This blog is intended to go along with Population: An Introduction to Concepts and Issues, by John R. Weeks, published by Cengage Learning. The latest edition is the 12th (it came out in 2015), but this blog is meant to complement any edition of the book by showing the way in which demographic issues are regularly in the news.

If you are a user of my textbook and would like to suggest a blog post idea, please email me at: john.weeks@sdsu.edu

Friday, August 26, 2016

PRB's 2016 World Population Data Sheet is Out--Don't Leave Home Without It!

The Population Reference Bureau (PRB) in Washington, D.C. has been an important resource for demographers for more than half a century. They have expanded the scope and depth of what they do over the years, but the signature product is still their annual World Population Data sheet, and the 2016 model just came out. You can download it as a PDF file or get a paper copy in the mail, as I have done for a long time. There aren't necessary any surprises in the latest version, but here are some highlights that PRB has put together:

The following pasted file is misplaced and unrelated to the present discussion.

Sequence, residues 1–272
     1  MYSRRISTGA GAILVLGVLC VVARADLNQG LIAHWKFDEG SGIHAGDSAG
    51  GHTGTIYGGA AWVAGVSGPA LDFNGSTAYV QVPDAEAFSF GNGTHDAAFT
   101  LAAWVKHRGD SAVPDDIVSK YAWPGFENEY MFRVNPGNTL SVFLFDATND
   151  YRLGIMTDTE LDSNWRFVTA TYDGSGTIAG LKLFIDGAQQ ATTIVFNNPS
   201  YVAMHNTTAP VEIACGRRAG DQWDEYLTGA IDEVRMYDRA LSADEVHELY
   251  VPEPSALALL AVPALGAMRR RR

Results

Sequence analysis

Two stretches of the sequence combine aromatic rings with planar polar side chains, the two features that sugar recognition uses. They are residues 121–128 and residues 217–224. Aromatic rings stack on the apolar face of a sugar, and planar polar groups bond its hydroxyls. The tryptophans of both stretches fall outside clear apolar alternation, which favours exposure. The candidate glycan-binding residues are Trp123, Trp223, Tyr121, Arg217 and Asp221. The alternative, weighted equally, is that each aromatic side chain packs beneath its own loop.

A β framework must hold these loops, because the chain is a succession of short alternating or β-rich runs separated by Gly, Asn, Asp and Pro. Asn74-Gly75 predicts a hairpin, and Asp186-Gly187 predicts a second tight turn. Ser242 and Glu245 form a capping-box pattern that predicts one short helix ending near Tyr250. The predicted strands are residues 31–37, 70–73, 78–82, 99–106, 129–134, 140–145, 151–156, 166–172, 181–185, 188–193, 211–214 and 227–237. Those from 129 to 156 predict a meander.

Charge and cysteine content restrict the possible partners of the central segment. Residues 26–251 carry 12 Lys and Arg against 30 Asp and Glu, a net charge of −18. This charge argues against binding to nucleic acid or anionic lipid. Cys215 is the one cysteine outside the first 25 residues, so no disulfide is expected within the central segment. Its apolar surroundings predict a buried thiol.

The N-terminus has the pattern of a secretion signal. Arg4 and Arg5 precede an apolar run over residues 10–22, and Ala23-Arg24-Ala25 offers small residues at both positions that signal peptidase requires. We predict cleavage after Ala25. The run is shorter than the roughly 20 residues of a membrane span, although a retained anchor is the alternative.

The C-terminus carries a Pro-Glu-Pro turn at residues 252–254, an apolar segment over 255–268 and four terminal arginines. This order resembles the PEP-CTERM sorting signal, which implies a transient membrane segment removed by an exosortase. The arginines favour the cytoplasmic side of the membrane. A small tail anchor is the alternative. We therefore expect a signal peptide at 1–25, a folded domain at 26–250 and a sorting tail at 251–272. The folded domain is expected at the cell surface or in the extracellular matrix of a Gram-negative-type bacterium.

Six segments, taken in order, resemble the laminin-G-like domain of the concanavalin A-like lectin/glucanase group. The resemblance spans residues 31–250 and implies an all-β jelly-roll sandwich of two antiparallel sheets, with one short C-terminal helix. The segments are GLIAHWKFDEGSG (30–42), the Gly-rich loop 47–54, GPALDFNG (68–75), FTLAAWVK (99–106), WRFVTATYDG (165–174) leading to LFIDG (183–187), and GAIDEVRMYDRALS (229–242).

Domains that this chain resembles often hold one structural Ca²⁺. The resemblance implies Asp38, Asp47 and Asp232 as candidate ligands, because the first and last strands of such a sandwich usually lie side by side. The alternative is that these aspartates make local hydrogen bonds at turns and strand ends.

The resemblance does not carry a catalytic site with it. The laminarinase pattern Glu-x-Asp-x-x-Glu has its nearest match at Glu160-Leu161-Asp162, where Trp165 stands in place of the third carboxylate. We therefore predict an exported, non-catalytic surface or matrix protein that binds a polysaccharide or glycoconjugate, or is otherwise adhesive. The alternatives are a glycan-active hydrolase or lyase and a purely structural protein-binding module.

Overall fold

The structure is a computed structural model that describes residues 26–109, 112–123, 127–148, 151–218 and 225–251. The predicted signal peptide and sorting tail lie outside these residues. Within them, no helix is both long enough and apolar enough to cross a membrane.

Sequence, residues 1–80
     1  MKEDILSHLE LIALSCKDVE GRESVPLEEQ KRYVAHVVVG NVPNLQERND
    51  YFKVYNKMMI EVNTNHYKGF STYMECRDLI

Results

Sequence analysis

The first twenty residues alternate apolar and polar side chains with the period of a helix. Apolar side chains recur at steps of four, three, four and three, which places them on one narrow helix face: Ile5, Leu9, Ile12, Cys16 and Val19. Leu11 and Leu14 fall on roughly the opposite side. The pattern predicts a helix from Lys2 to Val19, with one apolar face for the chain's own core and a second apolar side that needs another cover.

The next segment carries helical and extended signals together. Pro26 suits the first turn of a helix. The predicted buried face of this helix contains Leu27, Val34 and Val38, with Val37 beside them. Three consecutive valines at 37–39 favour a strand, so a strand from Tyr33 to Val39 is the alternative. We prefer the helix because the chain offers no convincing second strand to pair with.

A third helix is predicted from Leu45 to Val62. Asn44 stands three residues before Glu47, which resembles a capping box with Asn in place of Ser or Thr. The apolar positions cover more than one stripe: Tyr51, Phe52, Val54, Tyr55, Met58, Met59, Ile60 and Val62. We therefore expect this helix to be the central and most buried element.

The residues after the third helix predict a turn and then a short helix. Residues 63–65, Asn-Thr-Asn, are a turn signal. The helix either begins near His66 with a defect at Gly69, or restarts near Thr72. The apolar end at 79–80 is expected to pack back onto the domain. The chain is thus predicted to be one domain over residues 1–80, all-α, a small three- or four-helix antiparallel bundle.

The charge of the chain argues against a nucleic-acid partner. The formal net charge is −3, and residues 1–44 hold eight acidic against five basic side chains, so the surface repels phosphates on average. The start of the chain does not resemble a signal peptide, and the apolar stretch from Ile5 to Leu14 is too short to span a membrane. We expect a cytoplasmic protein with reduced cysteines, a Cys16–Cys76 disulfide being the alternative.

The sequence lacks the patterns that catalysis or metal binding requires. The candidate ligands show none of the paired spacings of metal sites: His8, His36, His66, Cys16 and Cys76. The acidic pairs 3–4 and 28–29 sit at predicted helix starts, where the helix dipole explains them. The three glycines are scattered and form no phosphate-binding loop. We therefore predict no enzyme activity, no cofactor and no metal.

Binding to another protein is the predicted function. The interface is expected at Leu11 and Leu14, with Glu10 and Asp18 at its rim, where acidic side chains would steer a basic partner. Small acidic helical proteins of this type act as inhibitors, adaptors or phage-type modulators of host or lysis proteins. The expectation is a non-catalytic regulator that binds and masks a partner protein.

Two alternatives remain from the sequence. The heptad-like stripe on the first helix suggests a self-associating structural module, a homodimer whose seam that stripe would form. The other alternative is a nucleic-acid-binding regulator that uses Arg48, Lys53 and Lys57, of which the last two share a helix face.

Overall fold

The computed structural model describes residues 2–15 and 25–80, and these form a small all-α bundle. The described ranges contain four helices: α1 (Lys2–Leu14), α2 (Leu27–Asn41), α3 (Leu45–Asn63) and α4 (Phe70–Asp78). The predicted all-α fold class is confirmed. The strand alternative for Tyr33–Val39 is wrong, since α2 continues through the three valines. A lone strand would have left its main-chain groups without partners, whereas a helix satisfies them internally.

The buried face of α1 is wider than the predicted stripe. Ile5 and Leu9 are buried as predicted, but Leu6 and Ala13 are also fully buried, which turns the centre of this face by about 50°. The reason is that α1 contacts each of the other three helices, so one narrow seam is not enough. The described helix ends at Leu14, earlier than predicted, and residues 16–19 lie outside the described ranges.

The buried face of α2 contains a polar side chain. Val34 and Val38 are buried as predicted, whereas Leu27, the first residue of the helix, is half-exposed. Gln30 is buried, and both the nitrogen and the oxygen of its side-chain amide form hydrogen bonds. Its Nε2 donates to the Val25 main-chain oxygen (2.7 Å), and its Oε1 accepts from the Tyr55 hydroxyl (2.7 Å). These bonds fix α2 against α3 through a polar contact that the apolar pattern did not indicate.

* Over 25 percent of the world's population is less than 15 years old. The figure is 41 percent in least developed countries and 16 percent in more developed countries. 
* Japan has the oldest population profile, with over a quarter of its citizens older than 65. Qatar and the United Arab Emirates are at the other end of the spectrum, with each having only 1 percent over 65. 
* The top 10 fertility rates in the world are in sub-Saharan African countries, with nearly all above six children per woman, and one topping seven. In Europe, the average is 1.6. 
* The fertility rate in the United States is 1.8 children per woman, down from 1.9 in 2014. “Replacement” fertility in the United States—that is, the rate at which the population exactly replaces itself from one generation to the next, excluding the effects of migration—is 2.1 children per woman.
* Thirty-three countries in Europe and Asia already have more people over age 65 than under 15.
You can see that fertility rates, and the changing age structures they bring about, remain key factors in the world's demographic picture. 

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